—Suzy W., via e-mail
It is generally acknowledged within the medical community that breast milk is the ideal first food for babies, though modern formula brands can get the job done, too. Human breast milk naturally contains the vitamins and minerals a newborn requires. According to the website KidsHealth.org, breastfed infants have less difficulty with digestion than their formula-fed counterparts. And since breast milk is easily digested, breastfed babies have fewer incidences of diarrhea or constipation.
Also, researchers have found that infants fed with human breast milk have lower rates of hospital admissions, ear infections, diarrhea, rashes and allergies than bottle-fed babies. Meanwhile, a raft of studies suggest that infants who are fed breast milk may have lower incidences of asthma, diabetes, obesity and other health problems later on in life.
"Human milk is made for human infants, and it meets all their specific nutrient needs," says Ruth Lawrence, M.D., spokeswoman for the American Academy of Pediatrics and professor of pediatrics and obstetrics at the University of Rochester School of Medicine in New York. "We've known for years that the death rates in Third World countries are lower among breast-fed babies," she adds. "Breast-fed babies are healthier and have fewer infections than formula-fed babies."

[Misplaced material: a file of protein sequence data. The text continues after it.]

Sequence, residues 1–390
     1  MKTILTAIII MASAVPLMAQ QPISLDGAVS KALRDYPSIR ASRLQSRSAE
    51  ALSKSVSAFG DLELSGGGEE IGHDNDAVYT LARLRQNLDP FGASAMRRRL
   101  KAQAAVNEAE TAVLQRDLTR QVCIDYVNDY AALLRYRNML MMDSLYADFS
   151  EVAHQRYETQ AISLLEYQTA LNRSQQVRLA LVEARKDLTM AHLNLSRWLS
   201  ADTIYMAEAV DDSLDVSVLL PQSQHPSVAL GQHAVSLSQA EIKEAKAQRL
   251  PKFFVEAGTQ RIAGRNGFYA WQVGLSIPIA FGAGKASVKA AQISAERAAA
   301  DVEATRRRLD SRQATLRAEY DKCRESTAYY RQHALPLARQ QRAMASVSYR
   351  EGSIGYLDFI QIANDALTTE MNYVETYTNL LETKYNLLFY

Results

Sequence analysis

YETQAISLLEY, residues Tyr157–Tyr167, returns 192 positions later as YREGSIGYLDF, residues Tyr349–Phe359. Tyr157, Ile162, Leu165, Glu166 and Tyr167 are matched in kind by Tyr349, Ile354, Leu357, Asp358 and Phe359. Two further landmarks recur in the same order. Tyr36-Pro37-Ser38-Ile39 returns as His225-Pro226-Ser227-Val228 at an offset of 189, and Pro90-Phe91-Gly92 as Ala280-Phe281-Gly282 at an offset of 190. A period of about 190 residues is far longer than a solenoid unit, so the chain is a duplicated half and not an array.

Another related upside to breast milk is cost savings—both for families and the larger health care system. Mothers who can't or choose not to breast feed end up spending hundreds if not thousands of dollars per year on formula, and higher incidences of illness and disease down the road means higher costs for all.
One concern with breast feeding is that toxins present in mom's bloodstream can make their way into baby. But a 2007 study by Ohio State and Johns Hopkins University researchers found that levels of chemicals in breast milk were far below U.S. Environmental Protection Agency maximum acceptable levels for even drinking water, and that indoor air in typical American homes contains as much as 135 times as many contaminants as mother's milk. The U.S. Centers for Disease Control maintains that the benefits of breastfeeding far outweigh any chemical exposure risks. "To date, effects on the nursing infant have been seen only where the mother herself was clinically ill from a toxic exposure," reports the agency.
Of course, not all mothers are able to breastfeed, and in such cases formula can be a healthy alternative. The U.S. Food and Drug Administration regulates all baby formulas to ensure purity and that they meet nutritional requirements. Parents should know, however, that they may not be avoiding chemical exposure by opting for formula. Non-organic formula can contain the same or higher amounts of chemical residues left over from its raw materials. One way around this is to buy organic formula. Leading makers include Nature's One, Earth's Best and Bright Beginnings. Enfamil and Similac also now offer organic varieties.